Value = Rent per month x 200

I saw this real estate rule on a blog from the States,
Poster writes never pay more than 200 times monthly rent
for a property, “if the surrounding area can’t support a rent of
(purchase price divided by 200) then keep walking.”
He also points out this is the absolute most to pay.
This works out at around (yearly rent x 17) and I feel this could
be a good place to start with the Irish market, it’s a bit more
than the 14 times but the extra takes in to account that unique
Irish condition of being Delusionnial! (Delusional Denial Disorder)
To Rent: 3 Bed, 2 Bath €1150 daft.ie/2852037
To Buy: 3 Bed, 2 Bath 420k daft.ie/1498824
Using the rule this house should be 230,000 or is it me who’s Delusionnial!
There may be a lot of things that Americans are not from a European perspective
but when it comes down to it they are a very pragmatic people.

Hmmm, whilst the concept is something I agree with (I go by yield - same thing), never take your figures directly from the states.
There are very different cost criteria over there e.g. much higher interest rates, in addition to serious property taxes etc).

This is true, but I think it’s only a matter of time (2,3 years) before Irish banks
are charging 5,6% interest rates regardless of the ECB and we may have a
property tax too €400-800. In wealthy US suburbs it’s 10-20k but most home
owners pay between $1500-3000 articles.moneycentral.msn.com/Taxes/Advice/PropertyTaxesWhereDoesYourStateRank.aspx

200 times monthy rent is a 6% gross yield. Hardly value given the risks of residential investment here.

And the main risk for the next few years is going to be the government and council search for income. Particularly income that lets the country remain nominally ‘low tax’ ( :laughing: as if), so tax that affects owners directly and not occupiers (i.e. renters).

I think you have to shove rental income uncertainty up there too. A sole 1% increase in asking prices does not a recovery make.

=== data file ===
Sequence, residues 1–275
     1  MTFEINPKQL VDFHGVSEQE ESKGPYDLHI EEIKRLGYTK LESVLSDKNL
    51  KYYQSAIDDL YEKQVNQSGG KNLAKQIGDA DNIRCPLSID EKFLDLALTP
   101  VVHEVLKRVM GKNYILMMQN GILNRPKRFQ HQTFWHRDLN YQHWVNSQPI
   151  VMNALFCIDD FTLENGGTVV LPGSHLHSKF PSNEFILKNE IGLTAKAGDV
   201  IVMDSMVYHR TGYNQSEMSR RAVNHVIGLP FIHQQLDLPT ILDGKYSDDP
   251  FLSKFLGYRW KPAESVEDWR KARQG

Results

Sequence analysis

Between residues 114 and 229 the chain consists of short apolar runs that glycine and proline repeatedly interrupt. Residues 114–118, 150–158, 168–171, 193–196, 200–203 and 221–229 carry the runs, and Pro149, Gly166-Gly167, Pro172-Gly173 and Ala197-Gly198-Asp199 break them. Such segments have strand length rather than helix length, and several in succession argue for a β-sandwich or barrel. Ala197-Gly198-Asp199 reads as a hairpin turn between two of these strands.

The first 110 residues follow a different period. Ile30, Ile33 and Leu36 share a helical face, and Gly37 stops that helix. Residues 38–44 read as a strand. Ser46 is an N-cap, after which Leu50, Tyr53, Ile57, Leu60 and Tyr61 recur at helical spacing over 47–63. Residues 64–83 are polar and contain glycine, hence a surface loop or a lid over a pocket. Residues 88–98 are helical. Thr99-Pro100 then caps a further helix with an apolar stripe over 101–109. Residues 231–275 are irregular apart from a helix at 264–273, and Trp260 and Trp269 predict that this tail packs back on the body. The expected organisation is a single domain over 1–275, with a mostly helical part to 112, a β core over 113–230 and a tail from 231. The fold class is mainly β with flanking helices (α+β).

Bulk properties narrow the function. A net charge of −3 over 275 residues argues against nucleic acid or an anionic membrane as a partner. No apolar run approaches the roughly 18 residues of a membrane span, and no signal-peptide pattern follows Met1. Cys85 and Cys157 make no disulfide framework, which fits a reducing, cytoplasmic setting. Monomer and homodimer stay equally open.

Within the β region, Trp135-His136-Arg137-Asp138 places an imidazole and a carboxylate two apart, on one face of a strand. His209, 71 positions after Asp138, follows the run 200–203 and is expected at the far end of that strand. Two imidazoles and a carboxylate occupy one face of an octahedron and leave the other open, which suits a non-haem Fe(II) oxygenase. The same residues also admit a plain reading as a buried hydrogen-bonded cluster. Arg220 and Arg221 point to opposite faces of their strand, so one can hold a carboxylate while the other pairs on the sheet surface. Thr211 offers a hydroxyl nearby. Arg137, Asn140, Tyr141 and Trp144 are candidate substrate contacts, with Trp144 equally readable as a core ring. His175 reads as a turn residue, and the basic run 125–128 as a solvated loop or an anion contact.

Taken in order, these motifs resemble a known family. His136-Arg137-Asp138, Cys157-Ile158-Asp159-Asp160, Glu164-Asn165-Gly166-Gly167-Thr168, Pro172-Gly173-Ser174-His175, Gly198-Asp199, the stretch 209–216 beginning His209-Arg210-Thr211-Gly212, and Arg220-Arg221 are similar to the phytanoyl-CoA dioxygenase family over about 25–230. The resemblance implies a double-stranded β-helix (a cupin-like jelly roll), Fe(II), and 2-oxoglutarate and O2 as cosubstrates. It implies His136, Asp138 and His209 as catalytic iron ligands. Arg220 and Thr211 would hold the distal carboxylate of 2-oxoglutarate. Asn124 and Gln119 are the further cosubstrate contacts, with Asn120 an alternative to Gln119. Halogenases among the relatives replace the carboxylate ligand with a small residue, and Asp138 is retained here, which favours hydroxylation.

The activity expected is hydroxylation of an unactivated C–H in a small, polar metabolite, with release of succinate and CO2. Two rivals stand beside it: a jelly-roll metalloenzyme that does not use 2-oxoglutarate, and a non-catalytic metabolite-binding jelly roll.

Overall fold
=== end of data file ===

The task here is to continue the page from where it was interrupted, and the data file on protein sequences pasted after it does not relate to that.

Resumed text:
But then again, surely the landlords will simply increase the rents to cover the increased costs :stuck_out_tongue:

There are a few differences.
Population density and available land.
Road infrastructure
Replacement value of structure

The first 2 make it difficult for sellers to raise prices in the US. A buyer has too many options. They can use a different highway to work and live in an indentikit neighbourhood 20 miles away. Here there are less alternative negotiating positions for a buyer. Either live on the dart or take your chances on the 1,248 red lights you meet while driving.

It is very cheap to rebuild a house in most states. They are usually on their own plot. In the southern states a dwelling only has a lifetime of a decade or two.
So your dream home can be built on a plot down the road.

So the 200 might be too low for here. But then again it is a max.

What would be an acceptable gross yield “given the risks” for this middle of the road semi-d in D.18 and what would be the resulting target purchase price?
3 Bed, 1 Bath 420k daft.ie/1498824

Tradtionallty gross yields on resdential where in excess of 8%. That implies another 25% to go on property if that is the level.

That 25 year paint is a bit of a waste of time then :unamused: :unamused:
Where the hell did you hear that?

:open_mouth:

There are buildings here in Chicago that survived the great fire.

Water Tower place? Two buildings! :laughing:

Duh!!!
Everyone knows it was the Sears Tower ya egit :mrgreen:

It’s a bit worse than that. Long term:
150 is considered good value. 8% yield
200 is considered bad value. 6% yield
Property in Ireland is currently circa 350. 3.5% yield So it’s still outrageously bad value.

So no your not delusional; Sellers and EAs are the delusional ones.

A lot done, more to do (to quote Irishrail). 50% drop still required.